Trader Joe’s Magic, Revealed!

In whoring for a comments invite and proving his worth, Jesse Friedman sent in his term paper he wrote on Trader Joe’s. Now that’s what we call vetting!

We enjoyed and agreed with the thesis that Trader Joe’s, and its ilk, “reenchants the consumption process.” That is a nice turn of phrase.

Furthermore, Friedman posits that TJ’s draws upon the Romantic era, with its belief in “the forces of nature within man, the passions and promptings of the id, which came to be regarded as the ultimate source of all thought, feeling, and action.” From this legacy and its emphasis on imagination comes “modern autonomous imaginative hedonism,” which leads consumers to dream about the pleasures of consumption, only to become disappointed when the actual product fails to live up to expectations.”

We spent one summer working at retro-themed burger bistro Johnny Rocket’s and let us tell you, those customers were distracted from their average burgers and fries by the table top jukeboxes and the servers renditions of “Love Shack.”

Trader Joe’s is a delightful sham, a dog-and-pony workout video in which complicit consumers dance dance to the checkout line. In essence, people are willing to pay for shopping to not be so lame.

The Reenchantment of Food Shopping” [Jesse Friedman]

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  1. I read another study of Trader Joe’s several years back in which an exasperated competitor said, “All they do is buy overstock, repackage it and romance the hell out of it.”

    Works for me!

  2. Papercutninja says:

    I’m SO over TJs. It was novel when i visited Cali, b/c we didn’t have it here. Bought a few bottles of Two Buck Chuck and realised it was pretty good for the money.

    But the TJ here in NY? All those jackasses WAITING ON LINE to get in (my sister included) are just a bunch of morons.

    i went in a few days later (without waiting on line) to see waht the fuss was all about. Nothing. The shelves were bare, basically. People were rushing about grabbing things and marvelling at the wonder that is organic celery. Wow. A grocery store. Fantastic. I’m so excited. OMIGOD! I’ve never seen CUCUMBERS before! I must buy 4 pounds of it!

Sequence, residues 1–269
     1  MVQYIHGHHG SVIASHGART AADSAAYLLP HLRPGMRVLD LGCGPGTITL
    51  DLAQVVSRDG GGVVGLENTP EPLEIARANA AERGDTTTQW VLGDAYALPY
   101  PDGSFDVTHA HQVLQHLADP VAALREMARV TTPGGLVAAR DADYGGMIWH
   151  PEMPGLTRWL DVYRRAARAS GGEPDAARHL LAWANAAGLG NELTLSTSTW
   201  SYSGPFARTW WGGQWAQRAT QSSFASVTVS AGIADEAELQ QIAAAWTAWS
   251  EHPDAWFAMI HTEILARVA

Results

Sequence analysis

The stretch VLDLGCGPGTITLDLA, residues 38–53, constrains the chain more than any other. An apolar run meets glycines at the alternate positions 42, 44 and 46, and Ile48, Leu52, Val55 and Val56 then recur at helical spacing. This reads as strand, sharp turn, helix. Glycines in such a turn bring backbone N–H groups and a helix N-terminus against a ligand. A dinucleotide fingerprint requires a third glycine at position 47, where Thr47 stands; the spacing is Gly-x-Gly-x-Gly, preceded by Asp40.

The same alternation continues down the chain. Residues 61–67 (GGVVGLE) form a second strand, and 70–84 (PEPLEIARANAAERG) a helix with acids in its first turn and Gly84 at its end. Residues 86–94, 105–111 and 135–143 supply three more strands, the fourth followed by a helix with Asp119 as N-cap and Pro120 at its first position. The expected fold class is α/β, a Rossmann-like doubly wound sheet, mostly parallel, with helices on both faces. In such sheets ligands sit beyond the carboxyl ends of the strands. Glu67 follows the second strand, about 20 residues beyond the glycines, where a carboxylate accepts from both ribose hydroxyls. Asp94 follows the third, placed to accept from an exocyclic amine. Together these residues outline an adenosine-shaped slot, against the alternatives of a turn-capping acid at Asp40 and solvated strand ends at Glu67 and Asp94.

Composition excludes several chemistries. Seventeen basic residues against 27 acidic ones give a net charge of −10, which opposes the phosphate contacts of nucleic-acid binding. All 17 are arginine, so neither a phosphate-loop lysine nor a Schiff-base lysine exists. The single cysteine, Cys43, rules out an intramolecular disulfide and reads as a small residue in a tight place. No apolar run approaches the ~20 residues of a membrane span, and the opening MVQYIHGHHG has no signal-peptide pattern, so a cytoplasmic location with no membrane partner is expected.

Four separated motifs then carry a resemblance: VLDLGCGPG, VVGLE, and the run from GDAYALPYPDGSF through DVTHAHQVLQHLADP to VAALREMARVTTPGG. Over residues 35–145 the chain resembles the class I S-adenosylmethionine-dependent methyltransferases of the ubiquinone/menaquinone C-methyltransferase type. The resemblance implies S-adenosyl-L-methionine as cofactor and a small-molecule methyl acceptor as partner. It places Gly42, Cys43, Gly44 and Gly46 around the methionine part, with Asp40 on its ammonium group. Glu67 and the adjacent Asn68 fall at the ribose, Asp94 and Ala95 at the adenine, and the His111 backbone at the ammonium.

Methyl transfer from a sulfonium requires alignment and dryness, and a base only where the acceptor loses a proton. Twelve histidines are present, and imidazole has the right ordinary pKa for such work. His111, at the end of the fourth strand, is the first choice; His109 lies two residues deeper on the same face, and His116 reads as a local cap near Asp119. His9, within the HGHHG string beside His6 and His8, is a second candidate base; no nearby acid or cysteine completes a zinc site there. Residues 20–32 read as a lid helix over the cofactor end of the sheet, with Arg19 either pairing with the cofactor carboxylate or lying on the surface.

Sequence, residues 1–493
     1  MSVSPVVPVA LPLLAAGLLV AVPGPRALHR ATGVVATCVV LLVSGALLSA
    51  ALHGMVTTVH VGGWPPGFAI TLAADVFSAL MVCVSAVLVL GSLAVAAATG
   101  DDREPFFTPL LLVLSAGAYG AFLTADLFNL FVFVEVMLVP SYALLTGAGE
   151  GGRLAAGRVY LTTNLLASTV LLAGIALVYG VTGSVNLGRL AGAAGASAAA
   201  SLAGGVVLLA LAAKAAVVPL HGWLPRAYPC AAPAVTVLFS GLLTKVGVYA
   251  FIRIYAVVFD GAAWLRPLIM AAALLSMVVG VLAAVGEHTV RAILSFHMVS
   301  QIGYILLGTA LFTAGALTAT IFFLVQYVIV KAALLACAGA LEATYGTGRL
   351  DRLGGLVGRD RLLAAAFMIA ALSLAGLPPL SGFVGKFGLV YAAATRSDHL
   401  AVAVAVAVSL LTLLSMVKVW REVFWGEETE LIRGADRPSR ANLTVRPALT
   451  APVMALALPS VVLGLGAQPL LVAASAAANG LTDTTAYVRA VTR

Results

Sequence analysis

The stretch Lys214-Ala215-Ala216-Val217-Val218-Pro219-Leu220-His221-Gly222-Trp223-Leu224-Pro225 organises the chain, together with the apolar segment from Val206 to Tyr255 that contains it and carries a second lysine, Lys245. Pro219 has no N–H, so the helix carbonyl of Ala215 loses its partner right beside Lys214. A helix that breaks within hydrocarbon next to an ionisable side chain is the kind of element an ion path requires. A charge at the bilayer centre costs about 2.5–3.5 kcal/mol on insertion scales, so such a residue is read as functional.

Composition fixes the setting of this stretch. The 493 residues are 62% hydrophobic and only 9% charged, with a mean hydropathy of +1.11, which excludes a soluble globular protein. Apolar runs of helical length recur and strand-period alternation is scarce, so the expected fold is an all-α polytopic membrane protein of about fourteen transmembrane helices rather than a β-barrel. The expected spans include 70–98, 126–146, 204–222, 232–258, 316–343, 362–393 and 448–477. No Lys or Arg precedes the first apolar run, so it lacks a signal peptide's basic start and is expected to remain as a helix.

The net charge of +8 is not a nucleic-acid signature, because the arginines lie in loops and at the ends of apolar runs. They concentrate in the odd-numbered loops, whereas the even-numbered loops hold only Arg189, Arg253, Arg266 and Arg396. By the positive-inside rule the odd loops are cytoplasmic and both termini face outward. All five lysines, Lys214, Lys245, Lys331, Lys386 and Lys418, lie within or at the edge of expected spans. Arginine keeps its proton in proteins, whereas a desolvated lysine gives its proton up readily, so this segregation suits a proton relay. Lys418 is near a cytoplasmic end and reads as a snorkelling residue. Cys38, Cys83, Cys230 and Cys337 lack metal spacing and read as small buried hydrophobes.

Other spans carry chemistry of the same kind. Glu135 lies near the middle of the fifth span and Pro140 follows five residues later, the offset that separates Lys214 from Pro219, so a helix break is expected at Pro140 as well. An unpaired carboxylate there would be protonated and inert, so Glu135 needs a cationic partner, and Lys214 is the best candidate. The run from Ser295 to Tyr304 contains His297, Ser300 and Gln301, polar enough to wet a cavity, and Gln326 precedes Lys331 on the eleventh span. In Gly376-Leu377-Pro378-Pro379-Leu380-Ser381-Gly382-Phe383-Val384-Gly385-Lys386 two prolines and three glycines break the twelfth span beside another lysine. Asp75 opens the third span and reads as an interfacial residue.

Idiots. Waiting on line to get into a grocery store. When I go to a supermarket, i want to get in and out, and deal with the public-at-large as little as possible. It’s not an event, people. Just buy your super-organic-tofu turkey dogs and get the fuck out. That’s all.

  3. dvsDave says:

    Around northern VA we have Wegman’s and it’s the same thing. They squeeze every last drop of the romance of shopping for food out of every product they sell. Granted, you can get stuff there that you can’t get most other places (I mean, they have about 250 varieties of cheese and over 60 varieties of olives) It’s overkill, I mean, do I get the weird sounding olives or the weird looking olives? Too many choices!

  4. HassGoCubs says:

    At Great Lakes Crossing (a big semi-outlet mall north of Detroit), they have a Johnny Rockets within the mall proper and a Steak N Shake as an outlot. My wife asked me one day (while shopping at the mall) if I wanted to eat at Johnny Rockets. My reply: “Why spend an extra $10 for singing waitresses and faux jukeboxes?”

  5. Drinker Nisti says:

    I fail to see the romance in TJs, but perhaps that’s just becuase they’re such a regular part of life here in LA (well, at least a part of anglo-yuppie life). My dollar goes soooo much further at TJs than Whole Foods. Even further than the standard grocery store for staples such as milk, eggs, etc.

    Just stay the hell away from the store in the week before Xmas & Thanksgiving, and the TJ’s experience is generally a pleasant one…